A retail handle for economic shambles
According to the coalition government, our country should be looking to develop a John Lewis economy while working to avoid the Pret a Manger phenomenon. Basement Jack is wondering whether tippex privileges should be withdrawn from a couple of senior politicians.
Have you noticed that politicians from the Con-Dem coalition have started name-checking retailers as a means to illustrate their arguments? The first instance came from the Deputy Prime Minister a few weeks back. Cleggers', with typically inspired economic insight, thought the country would be a generally nicer place if we developed a 'John Lewis economy'. Companies he said should emulate the upmarket store's practice of giving its employees (or partners) a stake in its success, rewarding them in line with the profits it has made.
This is classic Lib Dem cobblers from their traditional real estate on the political sidelines. Before the current unholy alliance was created the Lib Dems could propose any old excrement safe in the knowledge that it would never come anywhere close to being policy. But for the deputy prime minister to suggest something akin to "wouldn't it be nice if we all had a pony?" was moderately alarming.
Not to be outdone by his partner-in-power the Mayor of London has also got in on the act. Boris refered to the 'Pret a Manger phenomenon' as indicative of the work ethic Britain's youth apparently no longer has. In an interview with The Sun newspaper he commented: "Look at Pret a Manger. If you've been to one recently, how many native Londoners served you? What's going on? London is a place that is fantastic creator of jobs, but many of these jobs are going to people who don't originate in this country."
A key problem for the economy he suggested was that the UK's youth lacked the energy of their foreign counterparts. That's right, Alexander Boris de Pfeffel Johnson (look it up), schooled at Eton and Oxford, former member of the infamous, uber-wealthy, restaurant-smashing Bullingdon Club, the man who dismissed the £250,000 he was paid as a Daily Telegraph columnist as "chicken feed" has taken it upon himself to lecture Britain's youth about not taking up craft-level jobs. Just how many similar jobs have you held BoJo?
One of the London Mayor's more endearing traits has always been his pronounced air of eccentricity, his slight removal from reality - as emphasised by that white-blonde haystack atop his bonce. Among all the smarmy, populist bandwagon-jumpers in Westminster his reliably off-message speeches and pronounced awkwardness in anything but prose have always been a bit of a treat to watch. But adopting such a hectoring tone on a subject that can't have orbited within a few million lightyears of the decidedly privileged Planet Boris did nothing but emphasise the distance between the governed and those doing the governing in Britain 2012.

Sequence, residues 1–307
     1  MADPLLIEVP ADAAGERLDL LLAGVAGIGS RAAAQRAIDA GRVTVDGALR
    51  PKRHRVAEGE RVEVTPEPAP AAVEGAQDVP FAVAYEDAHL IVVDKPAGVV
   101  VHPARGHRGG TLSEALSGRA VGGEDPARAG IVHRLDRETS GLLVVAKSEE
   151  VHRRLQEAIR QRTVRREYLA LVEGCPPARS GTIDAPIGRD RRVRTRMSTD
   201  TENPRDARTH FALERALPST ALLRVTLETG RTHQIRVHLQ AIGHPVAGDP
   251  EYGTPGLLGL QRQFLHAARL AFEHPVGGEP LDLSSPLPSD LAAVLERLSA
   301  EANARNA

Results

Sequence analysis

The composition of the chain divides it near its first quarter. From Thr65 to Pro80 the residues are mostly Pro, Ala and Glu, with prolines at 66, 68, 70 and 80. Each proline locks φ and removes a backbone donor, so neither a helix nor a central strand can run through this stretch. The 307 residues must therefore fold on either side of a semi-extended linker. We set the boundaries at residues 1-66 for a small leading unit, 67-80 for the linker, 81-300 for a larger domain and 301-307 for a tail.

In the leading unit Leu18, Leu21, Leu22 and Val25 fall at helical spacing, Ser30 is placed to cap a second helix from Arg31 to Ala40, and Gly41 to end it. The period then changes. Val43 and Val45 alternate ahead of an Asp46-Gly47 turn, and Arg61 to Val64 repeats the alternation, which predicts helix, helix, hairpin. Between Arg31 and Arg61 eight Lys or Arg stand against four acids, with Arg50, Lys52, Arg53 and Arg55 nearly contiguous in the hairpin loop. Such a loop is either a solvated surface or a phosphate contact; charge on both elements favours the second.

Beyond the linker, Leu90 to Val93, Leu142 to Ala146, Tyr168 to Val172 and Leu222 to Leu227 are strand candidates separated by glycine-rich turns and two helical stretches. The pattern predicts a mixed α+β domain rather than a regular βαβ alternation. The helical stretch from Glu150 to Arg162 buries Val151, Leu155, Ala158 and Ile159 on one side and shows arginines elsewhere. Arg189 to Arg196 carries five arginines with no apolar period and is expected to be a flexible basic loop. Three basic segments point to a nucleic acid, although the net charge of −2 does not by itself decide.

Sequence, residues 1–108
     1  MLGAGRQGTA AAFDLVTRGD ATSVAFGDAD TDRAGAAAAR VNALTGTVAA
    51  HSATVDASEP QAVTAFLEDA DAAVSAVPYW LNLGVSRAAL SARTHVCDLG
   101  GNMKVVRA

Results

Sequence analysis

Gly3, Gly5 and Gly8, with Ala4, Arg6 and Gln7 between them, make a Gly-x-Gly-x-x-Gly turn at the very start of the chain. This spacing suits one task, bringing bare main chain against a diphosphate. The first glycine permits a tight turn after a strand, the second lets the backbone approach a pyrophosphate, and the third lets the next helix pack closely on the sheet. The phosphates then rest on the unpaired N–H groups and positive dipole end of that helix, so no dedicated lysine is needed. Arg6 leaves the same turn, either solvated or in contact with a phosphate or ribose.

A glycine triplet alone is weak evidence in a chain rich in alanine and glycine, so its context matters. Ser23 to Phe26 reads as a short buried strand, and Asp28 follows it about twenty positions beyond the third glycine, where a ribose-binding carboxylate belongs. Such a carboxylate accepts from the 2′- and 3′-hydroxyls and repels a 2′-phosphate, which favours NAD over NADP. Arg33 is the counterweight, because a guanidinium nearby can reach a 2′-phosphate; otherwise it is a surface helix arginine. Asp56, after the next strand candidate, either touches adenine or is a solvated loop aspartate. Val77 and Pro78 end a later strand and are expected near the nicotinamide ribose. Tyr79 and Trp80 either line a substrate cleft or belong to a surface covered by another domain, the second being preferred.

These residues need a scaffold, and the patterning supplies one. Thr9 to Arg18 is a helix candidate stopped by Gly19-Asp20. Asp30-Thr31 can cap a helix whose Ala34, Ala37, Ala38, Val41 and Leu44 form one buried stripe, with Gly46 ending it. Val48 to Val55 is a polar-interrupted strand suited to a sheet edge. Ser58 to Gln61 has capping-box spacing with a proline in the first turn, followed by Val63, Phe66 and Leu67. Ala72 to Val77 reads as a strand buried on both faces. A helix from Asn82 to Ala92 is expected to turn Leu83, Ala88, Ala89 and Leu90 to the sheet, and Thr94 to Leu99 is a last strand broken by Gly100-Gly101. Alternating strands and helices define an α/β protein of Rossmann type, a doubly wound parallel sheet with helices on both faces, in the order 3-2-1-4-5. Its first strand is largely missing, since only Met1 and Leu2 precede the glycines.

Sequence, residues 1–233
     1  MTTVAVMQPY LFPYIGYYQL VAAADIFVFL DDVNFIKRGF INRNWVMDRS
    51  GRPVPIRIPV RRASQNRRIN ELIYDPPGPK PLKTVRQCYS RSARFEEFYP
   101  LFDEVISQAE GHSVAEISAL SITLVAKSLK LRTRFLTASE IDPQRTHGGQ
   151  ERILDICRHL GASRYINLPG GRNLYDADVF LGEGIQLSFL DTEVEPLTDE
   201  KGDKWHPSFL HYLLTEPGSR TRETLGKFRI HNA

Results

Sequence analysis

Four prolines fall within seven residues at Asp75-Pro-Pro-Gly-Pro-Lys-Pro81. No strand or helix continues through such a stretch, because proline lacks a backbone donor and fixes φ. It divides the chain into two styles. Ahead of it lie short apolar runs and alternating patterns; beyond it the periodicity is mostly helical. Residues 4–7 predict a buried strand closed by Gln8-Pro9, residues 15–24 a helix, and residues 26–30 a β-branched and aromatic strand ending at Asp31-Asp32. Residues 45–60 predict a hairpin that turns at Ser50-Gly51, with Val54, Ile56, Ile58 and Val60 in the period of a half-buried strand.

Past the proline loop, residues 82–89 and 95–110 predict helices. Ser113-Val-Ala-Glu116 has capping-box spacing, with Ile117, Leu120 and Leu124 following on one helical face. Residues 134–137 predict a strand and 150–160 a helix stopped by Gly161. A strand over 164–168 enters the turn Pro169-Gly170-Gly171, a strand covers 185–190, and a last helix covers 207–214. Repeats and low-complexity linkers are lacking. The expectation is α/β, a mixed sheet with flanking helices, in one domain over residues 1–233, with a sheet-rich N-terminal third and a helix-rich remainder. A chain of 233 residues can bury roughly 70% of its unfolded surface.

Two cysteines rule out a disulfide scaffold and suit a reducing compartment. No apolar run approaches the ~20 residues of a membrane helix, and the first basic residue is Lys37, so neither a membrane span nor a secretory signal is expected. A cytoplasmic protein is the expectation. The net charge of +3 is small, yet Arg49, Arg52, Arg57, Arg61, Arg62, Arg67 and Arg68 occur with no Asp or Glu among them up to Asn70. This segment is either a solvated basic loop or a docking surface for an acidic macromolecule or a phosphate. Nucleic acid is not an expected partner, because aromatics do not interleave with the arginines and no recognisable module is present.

Don't get me wrong, this isn't a vote of support for the feckless, whey-faced malingerers who loiter in bus shelters, bandstands and shopping centres across our fair land. Nor am I some Billy Bragg-loving, Socialist Worker-selling lefty. If a certain number among the youth can't be a*sed to get a job or think shopwork is beneath them, sod'em, maybe a little period without their benefits might change their minds? Or maybe even forced conscription to the armed services at minimum wage? I hear Helmand Province is just lovely this time of year.
BoJo is the Mayor of London and as such must speak to those issues affecting the Capital's economy. But right now he really needs to take on board the widespread and growing sense of social and financial injustice across the country. Even with RBS boss Stephen Hester finally deciding he could make do with his meagre £1.2 million salary and struggle on without his £963,000 bonus there's an anger bubbling just below the surface, a sense that those in charge are taking the p*ss out of the rest of us.
When people are facing redundancy and struggling to make ends meet, the notion that such a bonus had to be paid in case Hester walked is as incendiary as it is ridiculous. What materially had he achieved to deserve it? Knack all...and that is the level at which his bonus should have been set. Any complaints and he should have been told to 'do one'. I reckon a few folk might have had a go at the job for £1.2 million.
So Boris' message isn't necessarily wrong, but the means of delivery needs a lot of work. Meanwhile you'd think the Opposition would be tapping into this social disquiet and taking the Con-Dems to task on behalf of the masses? Maybe once upon a time they would have...but not in the age of the New Old Labour Party or the 'Woolworths Labour Party' as I like to think of them: as in entirely absent, an entity remembered by many with fondness but ultimately irrelevant.